- 8 oz jack cheese (I assumed this meant monterey jack)
- 1 cup cream (I used Half-and-Half)
- 2 tablespoons butter (I never saw where this went in the recipe, so I left it out)
- 12 scallions
- 2 white onions
- 3 large cloves garlic
- 1.5 tablespoons poppy seed
- 1.5 tablespoons sesame seed
- 2 everything bagels
- 1 pound elbow pasta (I used corn elbows)
- pecorino romano
Chop the onion and garlic. On a large baking sheet mix the onion and garlic with a small amount of oil and salt. Bake at 350, stirring occasionally, until browned and crispy. Should take about an hour at least. When just about browned, mix in the sesame and poppy seeds, and cook another 5-10 minutes to lightly toast.
Mix together the cream, fontina, jack, and cream cheeses. Chop the scallions and add to the mixture.
Boil some salted water and add the pasta. Mix and cook. When the pasta has a few more minutes of cooking time, scoop about 1/2 cup of pasta water into the cheeses. Mix well to get everything to start melting. Finally strain the pasta and add it. Mix well and all the cheeses should have melted and formed a sauce.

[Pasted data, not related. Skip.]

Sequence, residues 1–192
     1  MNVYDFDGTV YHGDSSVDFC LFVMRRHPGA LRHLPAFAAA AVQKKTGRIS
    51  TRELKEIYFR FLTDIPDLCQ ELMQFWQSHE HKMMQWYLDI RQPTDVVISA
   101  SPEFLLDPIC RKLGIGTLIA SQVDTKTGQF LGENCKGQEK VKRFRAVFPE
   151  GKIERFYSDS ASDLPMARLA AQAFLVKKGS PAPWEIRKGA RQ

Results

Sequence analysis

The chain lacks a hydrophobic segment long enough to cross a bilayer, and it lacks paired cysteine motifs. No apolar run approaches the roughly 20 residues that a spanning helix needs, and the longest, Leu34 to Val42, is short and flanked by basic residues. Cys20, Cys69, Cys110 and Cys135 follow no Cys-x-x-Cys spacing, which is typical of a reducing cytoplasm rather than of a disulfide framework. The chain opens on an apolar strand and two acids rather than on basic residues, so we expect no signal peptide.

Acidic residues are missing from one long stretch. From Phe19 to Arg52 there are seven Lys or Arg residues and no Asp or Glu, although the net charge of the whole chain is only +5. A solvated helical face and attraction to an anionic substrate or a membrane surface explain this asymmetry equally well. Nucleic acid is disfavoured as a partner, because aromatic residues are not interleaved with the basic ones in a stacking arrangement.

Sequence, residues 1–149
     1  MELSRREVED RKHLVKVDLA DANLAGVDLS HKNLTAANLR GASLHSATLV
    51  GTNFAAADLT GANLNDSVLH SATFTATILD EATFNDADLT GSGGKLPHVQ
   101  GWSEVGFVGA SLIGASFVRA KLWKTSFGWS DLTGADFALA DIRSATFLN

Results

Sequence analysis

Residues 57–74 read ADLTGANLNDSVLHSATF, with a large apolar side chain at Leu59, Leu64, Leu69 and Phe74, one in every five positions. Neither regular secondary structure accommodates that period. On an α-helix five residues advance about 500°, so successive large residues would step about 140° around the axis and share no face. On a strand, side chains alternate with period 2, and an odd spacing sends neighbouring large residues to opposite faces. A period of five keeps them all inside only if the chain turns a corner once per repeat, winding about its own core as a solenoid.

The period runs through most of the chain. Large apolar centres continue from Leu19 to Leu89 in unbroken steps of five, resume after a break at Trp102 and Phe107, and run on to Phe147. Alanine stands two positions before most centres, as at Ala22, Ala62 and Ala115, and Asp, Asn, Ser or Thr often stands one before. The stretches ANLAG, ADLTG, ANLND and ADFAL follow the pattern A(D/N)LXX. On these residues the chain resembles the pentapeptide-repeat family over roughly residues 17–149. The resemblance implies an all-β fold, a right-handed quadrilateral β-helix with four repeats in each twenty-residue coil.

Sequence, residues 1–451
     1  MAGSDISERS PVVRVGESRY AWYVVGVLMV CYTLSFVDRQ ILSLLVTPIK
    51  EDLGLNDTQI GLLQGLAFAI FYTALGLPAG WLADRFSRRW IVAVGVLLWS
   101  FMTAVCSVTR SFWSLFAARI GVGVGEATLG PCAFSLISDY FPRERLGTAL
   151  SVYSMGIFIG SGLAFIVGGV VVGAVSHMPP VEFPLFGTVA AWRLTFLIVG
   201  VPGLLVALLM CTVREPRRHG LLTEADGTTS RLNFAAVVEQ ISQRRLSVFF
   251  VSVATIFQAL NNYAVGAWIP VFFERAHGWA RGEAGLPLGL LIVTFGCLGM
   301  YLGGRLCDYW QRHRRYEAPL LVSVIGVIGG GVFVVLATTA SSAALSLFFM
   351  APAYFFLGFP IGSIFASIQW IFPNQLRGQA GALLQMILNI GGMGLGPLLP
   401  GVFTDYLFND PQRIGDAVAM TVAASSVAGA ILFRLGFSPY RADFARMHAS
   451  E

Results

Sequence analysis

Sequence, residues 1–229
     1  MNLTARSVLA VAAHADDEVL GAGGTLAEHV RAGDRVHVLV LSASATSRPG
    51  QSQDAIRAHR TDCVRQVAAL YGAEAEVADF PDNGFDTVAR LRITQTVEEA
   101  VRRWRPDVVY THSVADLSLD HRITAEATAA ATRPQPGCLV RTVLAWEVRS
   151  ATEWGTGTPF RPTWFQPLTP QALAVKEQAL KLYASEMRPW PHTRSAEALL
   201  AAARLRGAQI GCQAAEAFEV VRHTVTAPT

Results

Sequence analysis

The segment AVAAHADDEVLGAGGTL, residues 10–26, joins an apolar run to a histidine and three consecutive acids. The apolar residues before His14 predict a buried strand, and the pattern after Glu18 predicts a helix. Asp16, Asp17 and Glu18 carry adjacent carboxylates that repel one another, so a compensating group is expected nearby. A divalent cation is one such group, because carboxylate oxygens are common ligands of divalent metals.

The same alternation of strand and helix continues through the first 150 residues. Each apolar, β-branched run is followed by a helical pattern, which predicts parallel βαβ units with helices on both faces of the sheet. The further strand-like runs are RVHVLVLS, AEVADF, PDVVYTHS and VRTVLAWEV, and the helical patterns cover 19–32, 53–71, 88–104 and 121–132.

Pour into a baking dish. Mix in the cooked everything bagel spice mixture(you may not want all of it in there, use discretion and taste). Finally, toast the bagels and food process to crumbs. Use this mixture as breadcrumbs on top of the pasta. Also top with pecorino romano. Bake at 500 for about 10 minutes until bubbly, browned, and delicious.
One downside to this recipe is mine, not the original chef’s: I toasted my gluten-free bagels twice and they still wouldn’t crumble. I ended up tearing them into pieces, but it was more like croutons than bread crumbs. I kind of picked them off the top and ate them separate from the mac itself. If you can have regular bagels, this will probably work better for you.
As for the main bulk of the recipe, you better be sure you like onions and scallions and garlic, because the flavor is pronounced. In fact, despite the fact that this is a mac and cheese, the seasoning was much more pronounced as a flavor than the cheese sauce. This is not a bad thing, but keep this in mind.
I asked Loverman what he thought of the recipe. He gave it a simple “not bad,” then proceeded to have seconds.